Last week, Prime Minister Dr Keith Rowley met with the executive vice-president and CEO of Nitrogen and Phosphate at Nutrien, Raef Sully, at the Diplomatic Centre in St Ann’s. In attendance were Energy Minister Stuart Young, senior vice-president of nitrogen operations at Nutrien Trevor Williams and Walcott.
Why ammonia matters
Previous energy minister Kevin Ramnarine noted the cost of ammonia is the greatest its ever been and it keeps climbing up greater.
” The cost might go even greater in coming weeks as the beginning of spring suggests the thawing of soils in locations like the US, Canada and Russia. When that happens, farmers use fertiliser and thus the need for fertiliser rises. Russian exports of ammonia have actually been interrupted due to the war with Ukraine and some ammonia plants around the world, consisting of two in Trinidad, are down for turnarounds.
” The majority of Trinidad’s ammonia goes to the Port of Tampa in Florida. This is optimum as there are huge potash mines in Florida. Potash is integrated with ammonia to make MAP and DAP fertilisers. MAP is Mono Ammonium Phosphate and DAP is Diammonium Phosphate. However, we are likewise seeing our ammonia going to besiege Europe,” he explained.
” To make MAP and DAP, potash is needed. Russia’s primary ally, Belarus represent 18 per cent of international potash production. Potash is potassium carbonate,” he stated.
He noted exports of potash have suffered because of the sanctions from the EU related to its assistance for Russia.
” This suggests the rates of fertilisers whether it’s ammonia, MAP, DAP, Urea, Urea Ammonium Nitrate or Potassium Nitrate have actually all increased. This will no doubt impact food costs on the racks in T&T,” he stated.
He said the other element driving the cost escalation is logistics.
” The majority of our food imports come out of ports in Florida such as Port Everglades and the Port of Miami. Getting food to these ports in Florida happens by means of haulage trucks and rail. The cost of road transport in the United States has increased due to the high cost of diesel.
” Then there is the cost of freight from Florida to Trinidad. This has increased by approximately 50 percent in the in 2015. This all means that the inflation we are seeing is landing on our ports and there is very little control we have over that.
” It is a worldwide issue that started as the world economy rebounded in 2021 from Covid and was made worse by the Russia/Ukraine war. It might actually get a lot worse as the year advances. What we must be going over in Trinidad and Tobago is how to increase local farming production,” he stated.
What’s going on internationally
The British commodity consultancy CRU reported a couple of days ago that costs for basic materials that make up the fertiliser market– ammonia, nitrogen, nitrates, phosphates, potash and sulphates– are up 30 per cent since the turn of the year, and now exceed those seen during the food and energy crisis in 2008.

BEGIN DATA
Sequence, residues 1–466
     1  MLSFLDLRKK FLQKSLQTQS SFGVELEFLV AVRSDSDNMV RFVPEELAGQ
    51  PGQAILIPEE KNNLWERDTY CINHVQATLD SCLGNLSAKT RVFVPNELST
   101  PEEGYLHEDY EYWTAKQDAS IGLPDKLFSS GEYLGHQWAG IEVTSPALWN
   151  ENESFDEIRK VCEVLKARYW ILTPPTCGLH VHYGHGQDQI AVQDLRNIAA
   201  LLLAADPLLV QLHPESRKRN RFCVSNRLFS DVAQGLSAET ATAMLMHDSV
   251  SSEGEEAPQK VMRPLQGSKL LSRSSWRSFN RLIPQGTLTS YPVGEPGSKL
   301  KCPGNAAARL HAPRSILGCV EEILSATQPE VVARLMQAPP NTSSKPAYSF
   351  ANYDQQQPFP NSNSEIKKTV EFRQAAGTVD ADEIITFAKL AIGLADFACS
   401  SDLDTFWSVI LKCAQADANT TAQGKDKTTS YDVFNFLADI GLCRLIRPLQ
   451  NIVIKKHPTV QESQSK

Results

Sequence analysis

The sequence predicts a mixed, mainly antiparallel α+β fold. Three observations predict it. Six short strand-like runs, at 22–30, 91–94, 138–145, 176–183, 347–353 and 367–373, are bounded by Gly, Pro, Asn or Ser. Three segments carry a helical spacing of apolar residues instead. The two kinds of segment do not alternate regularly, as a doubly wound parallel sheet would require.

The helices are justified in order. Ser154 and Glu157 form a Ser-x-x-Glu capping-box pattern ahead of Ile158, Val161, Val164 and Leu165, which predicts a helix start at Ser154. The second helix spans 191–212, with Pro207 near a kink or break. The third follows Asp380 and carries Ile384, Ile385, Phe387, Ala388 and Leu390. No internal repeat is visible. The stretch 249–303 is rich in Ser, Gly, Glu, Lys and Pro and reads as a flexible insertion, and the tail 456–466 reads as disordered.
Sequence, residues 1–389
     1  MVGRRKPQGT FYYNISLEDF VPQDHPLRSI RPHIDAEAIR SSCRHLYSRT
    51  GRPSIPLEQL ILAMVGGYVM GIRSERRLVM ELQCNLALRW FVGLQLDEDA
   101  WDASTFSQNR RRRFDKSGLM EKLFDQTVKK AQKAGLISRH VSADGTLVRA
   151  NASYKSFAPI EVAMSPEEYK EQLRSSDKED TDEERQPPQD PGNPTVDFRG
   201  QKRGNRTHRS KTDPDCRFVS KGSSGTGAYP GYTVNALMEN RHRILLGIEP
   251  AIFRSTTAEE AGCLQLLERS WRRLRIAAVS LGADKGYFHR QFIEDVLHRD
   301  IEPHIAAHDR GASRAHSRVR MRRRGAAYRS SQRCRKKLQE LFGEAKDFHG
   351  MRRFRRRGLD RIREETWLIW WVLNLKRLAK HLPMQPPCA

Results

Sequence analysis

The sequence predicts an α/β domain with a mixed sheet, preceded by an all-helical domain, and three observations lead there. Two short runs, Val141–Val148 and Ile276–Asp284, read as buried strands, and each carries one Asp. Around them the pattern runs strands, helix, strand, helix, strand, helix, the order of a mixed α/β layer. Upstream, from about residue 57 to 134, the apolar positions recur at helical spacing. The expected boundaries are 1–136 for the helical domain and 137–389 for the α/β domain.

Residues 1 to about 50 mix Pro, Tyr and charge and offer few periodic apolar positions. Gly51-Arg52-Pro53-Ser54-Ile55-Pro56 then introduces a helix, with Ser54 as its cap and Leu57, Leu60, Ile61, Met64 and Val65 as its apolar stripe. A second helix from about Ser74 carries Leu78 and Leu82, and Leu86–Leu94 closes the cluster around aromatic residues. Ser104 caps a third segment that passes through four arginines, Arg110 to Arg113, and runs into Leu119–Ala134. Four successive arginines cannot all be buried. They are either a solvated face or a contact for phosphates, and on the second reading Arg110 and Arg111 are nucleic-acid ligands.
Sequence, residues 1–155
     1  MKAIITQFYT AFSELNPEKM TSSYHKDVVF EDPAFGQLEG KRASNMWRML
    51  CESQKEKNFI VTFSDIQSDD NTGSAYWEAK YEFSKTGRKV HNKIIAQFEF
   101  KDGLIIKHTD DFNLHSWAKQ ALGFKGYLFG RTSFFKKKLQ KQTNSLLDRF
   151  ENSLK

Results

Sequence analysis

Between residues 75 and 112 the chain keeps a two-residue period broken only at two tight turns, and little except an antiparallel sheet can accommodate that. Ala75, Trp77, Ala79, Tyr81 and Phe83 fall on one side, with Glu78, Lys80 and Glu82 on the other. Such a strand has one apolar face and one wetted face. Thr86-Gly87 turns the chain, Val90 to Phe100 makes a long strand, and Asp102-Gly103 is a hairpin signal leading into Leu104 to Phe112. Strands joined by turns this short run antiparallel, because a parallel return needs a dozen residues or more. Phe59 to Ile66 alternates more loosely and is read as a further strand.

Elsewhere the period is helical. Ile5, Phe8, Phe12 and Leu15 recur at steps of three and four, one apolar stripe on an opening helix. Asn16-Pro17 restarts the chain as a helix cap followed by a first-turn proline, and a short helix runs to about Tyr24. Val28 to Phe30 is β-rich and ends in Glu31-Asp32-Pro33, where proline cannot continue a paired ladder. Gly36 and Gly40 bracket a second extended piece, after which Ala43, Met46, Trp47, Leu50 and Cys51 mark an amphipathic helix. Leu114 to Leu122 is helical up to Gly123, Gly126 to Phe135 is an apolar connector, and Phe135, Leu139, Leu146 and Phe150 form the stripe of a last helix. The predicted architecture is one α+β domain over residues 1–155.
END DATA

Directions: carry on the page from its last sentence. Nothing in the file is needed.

CRU head of fertilisers Chris Lawson told CNBC that trade in between Russia and the rest of the world has actually not stopped, however has actually been significantly interrupted as importers and vessel charterers avoid the country, in light of the intrusion of Ukraine.
” In addition, gas is an essential input for fertiliser production. High gas prices have led to a cutting of production in regions such as Europe, additional restricting a currently tight market,” Lawson told the American news organisation last Tuesday.
Meanwhile, sanctions on Russian-ally Belarus have substantial ramifications for the potash market, with Russia and Belarus contributing a combined 40 percent of annual traded volumes.
” Since the start of 2020, nitrogen fertiliser rates have actually increased fourfold, while phosphate and potash rates over threefold,” Lawson described.
” While farmers in developed markets have taken advantage of high agricultural commodity prices, helping to partly offset high input costs, need destruction is significantly most likely due to high prices and supply shortfalls,” he said.
The UN Food and Farming Index reveals food prices are at an all-time high, and Lawson suggested a prolonged period of fertiliser lack will impact longer-term farming yields.
” Offered the already tight grains and oilseeds market, and the importance of both Russia and Ukraine in those markets, food cost inflation is an increasingly popular risk,” he added.
Prior to the risk of lowered products from Russia and Belarus, fertiliser costs had actually already been dealing with upward pressure from international supply chain disturbances, a Chinese export restriction and a Canadian rail strike.
Bloomberg reported recently that a gauge of prices for the nitrogen fertiliser ammonia in Tampa surged 43 percent to US$ 1,625 per metric tonne on Friday– a record for the 29- year-old index.
” The war is pushing up the expense of gas, the primary input for the majority of nitrogen fertiliser, forcing some producers in Europe to cut output. Markets likewise fret that prospective sanctions on Russia, a big low-priced carrier of every significant kind of crop nutrient, might disrupt international trade,” said the Bloomberg report.
” Russia has urged domestic fertiliser producers to reduce exports, even more stiring fears of scarcities. At the very same time, costs for staple crops like wheat, corn and soy beans are skyrocketing, with war in one of the world’s breadbaskets threatening to push millions more into hunger. Increasing costs for farm inputs like fertiliser could further send out the rate of food skyrocketing,” it included.